Former Secretary of Education William Bennett made a controversial comment Sept. 29 on his radio station. He said “If you wanted to, if that was your sole purpose, if you abort every black baby you would reduce the crime rate.”
Many listened in anguish, some including students at FAMU. As a result, the SGA held a rally Wednesday at 6 p.m. to protest the future of Bennett’s employment and the overall misrepresentation of blacks in the media.
As students gathered at the Eternal Flame to extract their First Amendment right, guest speakers rose to the occasion to speak on the recent comments made by Bennett.
Bill Proctor, political science professor and Leon county commissioner, set the tone of the rally by reviewing the recent comments and voicing his opinion of Bennett’s comment.
“When William Bennett suggested that all black babies be aborted he suggested that of what Hitler suggested-genocide,” Proctor said.
Proctor continued by stating the impact of Bennett’s statement as one that struck a painful feeling in the hearts of many in the black community. His comment was one that deliberately attempted to discourage students trying to fight through the stereotypes of being black in America.
Proctor also questioned Bennett’s commitment as the former Secretary of Education to advocate education for minorities.
“It makes you wonder if he believed this when he was in office or if he stood for anything in the interests of black people,” Proctor said.
Furthermore, Proctor brought up several questions in reference to President Bush’s recent Supreme Court nominee, Harriett Miers, and the noticeable racism targeted at victims affected by hurricane Katrina.
“Now how is it that a woman who is inexperienced gets a nomination to become a member of the Supreme Court? Does her whiteness just wipe out qualifications that we all must adhere to?” Proctor said.
As a solution to his question of the recent nominee, Proctor encouraged students to challenge the government and to value the importance of voting in order to make a change.
Reginald J. Mitchell, Director of the Tallahassee People of the United Way and Florida Legal Counsel, was also present at the rally.
Mitchell began by recalling his college years at FAMU when he and several students marched to the corner of Monroe and Tennessee Streets to protest against members of the KKK.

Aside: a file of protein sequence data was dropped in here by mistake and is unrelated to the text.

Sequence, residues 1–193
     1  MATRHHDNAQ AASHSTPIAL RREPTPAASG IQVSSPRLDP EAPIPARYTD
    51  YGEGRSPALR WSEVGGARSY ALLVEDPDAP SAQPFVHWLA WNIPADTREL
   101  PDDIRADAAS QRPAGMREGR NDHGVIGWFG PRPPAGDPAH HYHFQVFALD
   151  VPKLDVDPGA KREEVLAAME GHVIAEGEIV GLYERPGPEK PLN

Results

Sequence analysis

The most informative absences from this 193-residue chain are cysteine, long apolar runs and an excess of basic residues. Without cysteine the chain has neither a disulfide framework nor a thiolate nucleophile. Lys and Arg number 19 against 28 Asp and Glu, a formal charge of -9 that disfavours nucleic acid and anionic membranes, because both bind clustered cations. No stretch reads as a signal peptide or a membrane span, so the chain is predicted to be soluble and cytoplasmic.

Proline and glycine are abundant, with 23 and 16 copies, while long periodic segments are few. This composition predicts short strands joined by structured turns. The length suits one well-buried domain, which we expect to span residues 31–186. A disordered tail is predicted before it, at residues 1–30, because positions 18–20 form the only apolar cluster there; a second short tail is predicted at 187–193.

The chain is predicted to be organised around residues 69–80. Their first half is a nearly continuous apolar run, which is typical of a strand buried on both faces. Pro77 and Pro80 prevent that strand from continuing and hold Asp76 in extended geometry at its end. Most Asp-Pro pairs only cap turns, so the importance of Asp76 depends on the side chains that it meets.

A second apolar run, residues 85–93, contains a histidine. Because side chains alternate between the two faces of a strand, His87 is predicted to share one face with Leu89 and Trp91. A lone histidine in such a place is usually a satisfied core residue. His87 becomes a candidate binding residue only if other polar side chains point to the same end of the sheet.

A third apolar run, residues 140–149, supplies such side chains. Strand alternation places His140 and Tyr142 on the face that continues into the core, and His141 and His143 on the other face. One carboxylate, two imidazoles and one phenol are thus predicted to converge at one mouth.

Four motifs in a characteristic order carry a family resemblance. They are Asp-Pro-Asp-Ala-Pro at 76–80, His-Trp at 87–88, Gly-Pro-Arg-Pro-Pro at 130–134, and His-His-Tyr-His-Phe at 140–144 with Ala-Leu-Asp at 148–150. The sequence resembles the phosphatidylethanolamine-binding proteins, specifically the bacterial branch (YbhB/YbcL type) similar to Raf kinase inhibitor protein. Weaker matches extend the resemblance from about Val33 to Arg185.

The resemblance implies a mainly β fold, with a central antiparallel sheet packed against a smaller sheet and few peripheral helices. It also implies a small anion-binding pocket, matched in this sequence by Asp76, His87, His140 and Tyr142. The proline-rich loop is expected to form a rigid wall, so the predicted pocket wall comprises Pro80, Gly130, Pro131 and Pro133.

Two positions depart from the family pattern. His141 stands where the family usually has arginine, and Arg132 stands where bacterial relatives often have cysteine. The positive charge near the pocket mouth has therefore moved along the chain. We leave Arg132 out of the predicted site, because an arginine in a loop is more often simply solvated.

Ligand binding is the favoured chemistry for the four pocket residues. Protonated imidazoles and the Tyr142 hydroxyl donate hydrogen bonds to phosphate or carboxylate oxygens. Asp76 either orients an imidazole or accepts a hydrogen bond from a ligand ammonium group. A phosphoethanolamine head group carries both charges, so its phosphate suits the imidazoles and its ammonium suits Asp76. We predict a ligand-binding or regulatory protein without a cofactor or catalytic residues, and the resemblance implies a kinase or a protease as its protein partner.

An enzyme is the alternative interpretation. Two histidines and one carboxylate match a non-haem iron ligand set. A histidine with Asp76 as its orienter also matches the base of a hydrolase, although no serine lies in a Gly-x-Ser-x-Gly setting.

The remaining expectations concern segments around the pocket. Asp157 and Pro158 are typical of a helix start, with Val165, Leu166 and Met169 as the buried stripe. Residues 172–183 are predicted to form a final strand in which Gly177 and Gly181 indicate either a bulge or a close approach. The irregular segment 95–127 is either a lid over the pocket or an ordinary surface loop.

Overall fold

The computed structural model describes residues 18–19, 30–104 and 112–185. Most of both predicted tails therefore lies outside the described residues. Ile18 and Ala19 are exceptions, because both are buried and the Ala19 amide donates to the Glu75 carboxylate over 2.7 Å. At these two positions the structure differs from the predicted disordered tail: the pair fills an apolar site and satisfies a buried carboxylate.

However, what Mitchell remembers the most about the rally was a comment made by one of the white supremacists, who said: “that he was not racist, only race conscious.”
After elaborating on the comment by the white supremacist to students at the rally, Mitchell continued by suggesting ways to continue to protest against Bennett’s comment such as boycotting FOX news, the channel Mitchell refers to as “the angry white man’s channel.”
In addition to Mitchell’s statement, many students throughout the rally were seen passing a petition that would do just that in the fight against Bennett’s comments and networks that support him.
Mitchell suggested that students become active advocates of voting in the upcoming 2006 elections and to speak out against Supreme Court nominee, Harriett Miers, and other forms of racism across the country.
“Do something about politicians electing inexperienced people to office by attending state and local meetings and writing to various officials,” Mitchell said.
Following Mitchell was Monique Gillum, a 19-year-old sophomore senator, who encouraged students about her faith in the effort to abolish racism.
However, Gillum, a political science student from Gainesville, left students with something to think about after she insisted, “faith without work is dead.”
In closing the evening’s rally, Proctor motivated students to continue to fight against racism by providing those present with several photos of students throughout the Civil Rights movement.
“See! You look at these pictures and you see black men going after what they believe in and now it’s your turn to do the same,” Proctor said.
Contact Christina Hordge at email@example.com